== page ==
First-principles approaches provide a wealth of insight into properties and processes in materials and chemistry. From a computational point of view, the ongoing challenges are: (i) Real materials can be complex even if they are conceptually simple, and (ii) the underlying theory must be reliable and feasible for the task at hand. This talk summarizes the vision and concepts behind the FHI-aims all-electron electronic structure code, a long-term development to address both challenges that is led by our group. Specific efforts include scalability towards large systems and on large massively parallel computer platforms, as well as an ongoing thrust towards many-body approaches in addition to standard density-functional theory approaches. Ongoing work in our group includes graphene on SiC as an exceptionally high-quality platform to study interfacial phenomena between carbon-based and other functional materials. Large-scale, essentially strain-free simulations reveal why large-scale, high-quality monolayer graphene films can be grown directly on the Si-face , but not on the C-face of SiC, and how manipulation of the films by H intercalation leads to films with properties approaching those of free-standing graphene on this substrate .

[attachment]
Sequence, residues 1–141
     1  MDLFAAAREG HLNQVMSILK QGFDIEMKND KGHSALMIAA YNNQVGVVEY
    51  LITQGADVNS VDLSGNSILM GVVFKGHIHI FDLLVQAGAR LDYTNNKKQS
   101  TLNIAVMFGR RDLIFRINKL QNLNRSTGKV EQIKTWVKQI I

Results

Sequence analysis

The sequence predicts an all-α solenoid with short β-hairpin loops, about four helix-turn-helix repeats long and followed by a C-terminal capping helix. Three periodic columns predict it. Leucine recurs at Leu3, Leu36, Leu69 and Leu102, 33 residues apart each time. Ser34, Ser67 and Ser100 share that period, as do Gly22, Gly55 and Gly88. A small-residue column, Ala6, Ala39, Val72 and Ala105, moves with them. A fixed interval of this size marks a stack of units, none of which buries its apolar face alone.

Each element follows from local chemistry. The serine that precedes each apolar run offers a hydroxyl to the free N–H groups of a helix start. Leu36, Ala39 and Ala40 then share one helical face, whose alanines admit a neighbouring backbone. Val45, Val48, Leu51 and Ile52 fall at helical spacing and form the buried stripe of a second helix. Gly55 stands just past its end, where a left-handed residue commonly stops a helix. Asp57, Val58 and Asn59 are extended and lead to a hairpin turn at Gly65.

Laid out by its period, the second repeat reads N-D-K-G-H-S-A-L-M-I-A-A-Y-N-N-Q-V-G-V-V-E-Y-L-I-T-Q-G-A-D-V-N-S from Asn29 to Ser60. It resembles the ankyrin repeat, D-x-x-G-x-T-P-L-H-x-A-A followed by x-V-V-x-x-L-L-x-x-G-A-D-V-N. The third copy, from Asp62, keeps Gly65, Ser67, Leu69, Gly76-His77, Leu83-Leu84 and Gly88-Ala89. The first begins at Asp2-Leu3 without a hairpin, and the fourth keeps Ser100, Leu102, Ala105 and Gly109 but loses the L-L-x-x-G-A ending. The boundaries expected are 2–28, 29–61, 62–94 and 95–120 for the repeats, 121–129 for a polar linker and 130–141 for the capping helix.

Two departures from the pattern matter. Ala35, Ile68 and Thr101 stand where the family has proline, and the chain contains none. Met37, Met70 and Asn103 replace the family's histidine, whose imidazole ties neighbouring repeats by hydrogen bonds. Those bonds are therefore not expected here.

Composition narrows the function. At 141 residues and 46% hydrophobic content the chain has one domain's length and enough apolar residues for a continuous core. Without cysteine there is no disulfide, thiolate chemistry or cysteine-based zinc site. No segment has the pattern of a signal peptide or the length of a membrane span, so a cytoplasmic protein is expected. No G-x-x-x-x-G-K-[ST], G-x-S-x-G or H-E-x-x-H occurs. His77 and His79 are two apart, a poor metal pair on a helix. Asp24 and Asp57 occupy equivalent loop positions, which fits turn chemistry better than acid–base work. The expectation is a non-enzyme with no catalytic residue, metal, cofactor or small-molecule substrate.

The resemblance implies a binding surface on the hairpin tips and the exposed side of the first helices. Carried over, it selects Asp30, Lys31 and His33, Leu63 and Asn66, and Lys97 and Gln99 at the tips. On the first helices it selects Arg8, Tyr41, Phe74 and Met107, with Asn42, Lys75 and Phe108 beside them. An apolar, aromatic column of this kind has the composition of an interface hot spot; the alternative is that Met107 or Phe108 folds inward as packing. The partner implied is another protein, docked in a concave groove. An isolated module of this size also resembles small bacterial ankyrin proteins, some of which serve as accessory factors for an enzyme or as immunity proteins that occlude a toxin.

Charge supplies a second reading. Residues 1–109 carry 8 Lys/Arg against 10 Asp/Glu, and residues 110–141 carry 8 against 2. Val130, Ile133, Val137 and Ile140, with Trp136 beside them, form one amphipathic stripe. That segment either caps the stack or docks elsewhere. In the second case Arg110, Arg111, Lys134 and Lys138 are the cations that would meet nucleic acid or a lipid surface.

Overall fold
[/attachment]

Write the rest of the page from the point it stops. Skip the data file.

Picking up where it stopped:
L. Nemec, V. Blum, P. Rinke and M. Scheffler, Thermodynamic Equilibrium Conditions of Graphene Films on SiC, Physical Review Letters 111, 065502 (2013).
 J. Sforzini, L. Nemec, T. Denig, B. Stadtmüller, T.-L. Lee, C. Kumpf, S. Soubatch, U. Starke, P. Rinke, V. Blum, F.C. Bocquet and F.S. Tautz, Approaching truly freestanding graphene: The structure of hydrogen-intercalated graphene on 6H-SiC(0001), Physical Review Letters, accepted for publication (2015).